Throwback to the slums of Nairobi

This time last year I went to Nairobi with my colleague and friend, Saeed Langarudi, for a work project. By a fortunate coincidence I also happened to hear that a friend of a friend was running a local NGO helping kids in the slum pass through secondary school. Their idea is that you could “adopt” one of the kids from the slums and for the price of a few beers in Norway each month, you would sponsor them through 4 years of secondary school. You had to stay committed throughour those 4 years though. So I decided to meet them in person and see what the project was all about. Next morning after finishing our work, we jumped in a taxi and headed to the slums, not exactly knowing what to expect. We entered Mathare – which as we later found out, is one of the worst and most dangerous slums in the world (so much for doing our research) – being perplexed by the conditions we saw: delapidated shacks for “homes”, huge stockpiles of garbage on dirt roads, open sewage systems, stray dogs, people walking barefoot on the streets. We were shocked. After quite a lot of confusion with the “address”, we somehow located the school. While in a much better state than its surroundings, this was not what anyone in Europe would call even a half-decent education centre – and I come from Romania, a country where in some villages toilets are still in the school backyard.

We were received with a lot of warmth by the friendly staff and as we soon discovered, this was the Christmas party day. The school was made up of shacks of corrugated iron, where 20-30 kids would sit on wooden benches in crowded classrooms with dirt floors. Needless to say, toilets were outside. However, everything was orderly and clean and the corrugated iron walls were painted in a bright blue colour with motivating drawings and messages: “working together is success”, or “where there is a will there is a way”. My friend´s friend Isidora, who some time ago visited Nairobi from her homecountry Chile and decided she wanted to stay and help the kids, was full of energy and passion, as were all the teachers we met. They talked to us about the school, their work and their hopes for the kids of the slums, who´ve been forgotten by the authorities. With dangerously high rates of poverty and violence in Mathare, some kids don´t make it back to start a new year after Christmas – they´re either forced by their family situation to work, enter criminal gangs or worse, are killed. “Each year, we pray that all of them come back. Bullets are flying around” the principal told us. It was heartbreaking. But we were also in awe at the happiness and passion of these kids, who laughed, danced and chatted to us about their plans and dreams.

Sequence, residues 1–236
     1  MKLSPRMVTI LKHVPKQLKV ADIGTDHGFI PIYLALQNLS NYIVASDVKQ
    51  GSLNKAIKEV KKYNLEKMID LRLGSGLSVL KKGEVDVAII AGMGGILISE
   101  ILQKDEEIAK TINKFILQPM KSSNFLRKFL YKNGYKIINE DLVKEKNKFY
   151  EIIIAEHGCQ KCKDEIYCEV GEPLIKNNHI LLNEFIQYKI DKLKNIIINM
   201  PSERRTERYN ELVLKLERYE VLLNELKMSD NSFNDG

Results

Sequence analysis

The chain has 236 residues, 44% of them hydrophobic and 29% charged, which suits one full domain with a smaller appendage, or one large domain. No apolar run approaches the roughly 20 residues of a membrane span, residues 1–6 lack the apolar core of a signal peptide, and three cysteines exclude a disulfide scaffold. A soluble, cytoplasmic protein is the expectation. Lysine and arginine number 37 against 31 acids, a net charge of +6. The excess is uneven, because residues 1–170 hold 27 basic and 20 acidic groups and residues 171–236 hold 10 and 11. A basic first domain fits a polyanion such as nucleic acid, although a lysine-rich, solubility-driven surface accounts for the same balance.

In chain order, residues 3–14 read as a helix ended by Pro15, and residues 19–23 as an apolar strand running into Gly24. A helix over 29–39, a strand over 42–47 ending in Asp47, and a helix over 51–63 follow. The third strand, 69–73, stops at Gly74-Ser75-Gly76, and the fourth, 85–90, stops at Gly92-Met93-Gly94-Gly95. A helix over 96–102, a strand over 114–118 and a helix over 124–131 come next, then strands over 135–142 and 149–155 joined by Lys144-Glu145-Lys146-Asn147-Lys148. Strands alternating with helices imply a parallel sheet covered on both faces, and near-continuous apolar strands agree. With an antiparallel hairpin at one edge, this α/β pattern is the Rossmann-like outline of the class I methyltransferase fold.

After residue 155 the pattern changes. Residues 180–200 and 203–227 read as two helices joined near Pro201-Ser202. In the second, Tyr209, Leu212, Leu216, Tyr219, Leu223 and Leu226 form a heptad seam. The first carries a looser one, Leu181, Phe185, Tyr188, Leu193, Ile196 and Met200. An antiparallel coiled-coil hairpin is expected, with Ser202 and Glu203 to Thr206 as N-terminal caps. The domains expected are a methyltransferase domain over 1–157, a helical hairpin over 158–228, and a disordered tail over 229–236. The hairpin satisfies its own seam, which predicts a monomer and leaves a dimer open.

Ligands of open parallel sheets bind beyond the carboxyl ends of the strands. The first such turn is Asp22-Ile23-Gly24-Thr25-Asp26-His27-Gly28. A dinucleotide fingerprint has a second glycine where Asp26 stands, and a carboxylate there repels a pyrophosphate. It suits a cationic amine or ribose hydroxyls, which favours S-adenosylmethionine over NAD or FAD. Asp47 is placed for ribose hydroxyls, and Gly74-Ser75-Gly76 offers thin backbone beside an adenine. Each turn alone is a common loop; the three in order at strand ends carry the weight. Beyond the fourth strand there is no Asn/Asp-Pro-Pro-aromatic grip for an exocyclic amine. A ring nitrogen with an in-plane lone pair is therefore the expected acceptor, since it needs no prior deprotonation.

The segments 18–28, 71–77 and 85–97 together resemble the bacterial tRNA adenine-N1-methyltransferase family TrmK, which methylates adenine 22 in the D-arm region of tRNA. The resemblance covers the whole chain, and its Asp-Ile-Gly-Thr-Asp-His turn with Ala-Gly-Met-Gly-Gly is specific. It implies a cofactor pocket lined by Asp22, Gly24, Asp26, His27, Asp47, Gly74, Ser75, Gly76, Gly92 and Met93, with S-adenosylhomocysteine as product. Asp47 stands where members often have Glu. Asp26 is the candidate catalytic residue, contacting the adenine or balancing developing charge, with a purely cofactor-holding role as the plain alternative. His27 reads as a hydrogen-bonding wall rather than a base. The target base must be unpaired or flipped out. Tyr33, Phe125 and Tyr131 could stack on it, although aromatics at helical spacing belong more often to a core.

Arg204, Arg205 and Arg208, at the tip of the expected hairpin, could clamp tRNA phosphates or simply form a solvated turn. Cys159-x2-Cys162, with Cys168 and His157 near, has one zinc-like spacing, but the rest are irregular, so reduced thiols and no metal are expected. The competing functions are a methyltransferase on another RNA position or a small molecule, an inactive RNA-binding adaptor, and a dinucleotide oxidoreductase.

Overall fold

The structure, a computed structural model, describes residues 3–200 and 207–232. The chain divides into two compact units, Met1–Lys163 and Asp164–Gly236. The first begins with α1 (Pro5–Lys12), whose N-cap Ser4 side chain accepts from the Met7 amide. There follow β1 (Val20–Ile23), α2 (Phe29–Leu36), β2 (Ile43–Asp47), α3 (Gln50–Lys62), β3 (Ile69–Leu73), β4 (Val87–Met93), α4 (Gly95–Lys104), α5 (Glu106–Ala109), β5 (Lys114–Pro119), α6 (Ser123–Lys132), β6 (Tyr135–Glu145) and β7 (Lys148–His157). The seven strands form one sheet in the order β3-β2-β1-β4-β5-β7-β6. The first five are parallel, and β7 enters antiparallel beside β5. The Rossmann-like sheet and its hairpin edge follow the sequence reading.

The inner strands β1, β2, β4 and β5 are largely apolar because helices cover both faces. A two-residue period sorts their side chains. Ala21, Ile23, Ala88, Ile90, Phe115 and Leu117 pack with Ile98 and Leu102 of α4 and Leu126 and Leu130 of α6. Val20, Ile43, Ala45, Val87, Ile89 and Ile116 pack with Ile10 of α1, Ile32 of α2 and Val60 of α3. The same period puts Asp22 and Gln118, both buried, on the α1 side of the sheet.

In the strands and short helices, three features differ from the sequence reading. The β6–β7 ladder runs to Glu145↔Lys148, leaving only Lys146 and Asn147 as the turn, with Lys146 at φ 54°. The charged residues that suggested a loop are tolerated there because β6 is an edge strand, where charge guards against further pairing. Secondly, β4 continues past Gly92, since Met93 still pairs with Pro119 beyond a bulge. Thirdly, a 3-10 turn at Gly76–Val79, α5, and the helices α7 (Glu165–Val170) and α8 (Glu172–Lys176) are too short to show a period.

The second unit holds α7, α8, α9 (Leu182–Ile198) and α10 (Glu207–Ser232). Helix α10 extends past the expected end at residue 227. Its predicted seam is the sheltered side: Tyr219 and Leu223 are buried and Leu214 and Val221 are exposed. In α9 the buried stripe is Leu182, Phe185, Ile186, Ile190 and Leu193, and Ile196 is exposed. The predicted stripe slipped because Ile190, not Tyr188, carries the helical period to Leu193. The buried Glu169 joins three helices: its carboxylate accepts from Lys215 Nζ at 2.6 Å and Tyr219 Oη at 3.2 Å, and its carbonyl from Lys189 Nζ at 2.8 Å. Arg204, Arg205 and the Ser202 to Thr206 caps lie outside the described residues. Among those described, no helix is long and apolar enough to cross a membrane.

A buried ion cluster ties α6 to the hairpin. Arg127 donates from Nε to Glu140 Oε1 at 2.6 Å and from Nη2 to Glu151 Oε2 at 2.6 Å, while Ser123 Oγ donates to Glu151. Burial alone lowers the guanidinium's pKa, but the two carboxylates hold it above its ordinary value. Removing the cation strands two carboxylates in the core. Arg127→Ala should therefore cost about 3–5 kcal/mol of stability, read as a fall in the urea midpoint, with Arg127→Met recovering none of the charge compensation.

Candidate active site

It took us half an hour to find a taxi that would come to Mathare – no driver wanted to enter the slums and we realized why the hotel driver gave us his number for the way back (but did not pick up the phone). When a driver finally showed up, it turned out they did not know where they were – they´ve never entered Mathare before and wanted to get out as soon as possible. I will never forget how devastated Saeed was afterwards. Not by the fact that I took him to one of the most dangerous places in Africa with the idea of “seeing a school in a different part of town”, but by the terrible conditions he saw for the children and the staff. I write this piece because like during every Christmas period at the break between semesters, Isidora is fundraising to get these kids clothes, shoes, books, basic hygiene products and everything else they need to start a new year. More about her work and the campaign here (prices might seem shocking, but they´re in Chilean pesos): She can also be contacted at Website is in Spanish, but google translate does a great job and Isidora speaks great English in case you ever want to reach out and even just say a thanks for her work. But I´m also writing this piece because it´s long due. I´m writing it at my desk in a cosy office, in a safe city, in one of the countries with the highest living standards. It´s a reminder of the priviledge I enjoy.

One Comment

  1. Reflecting on Nairobi’s slums fosters empathy and understanding. The journey inspires appreciation for resilience and shared humanity. Growth emerges.

    December 14, 2023

Leave a Reply

Your email address will not be published. Required fields are marked *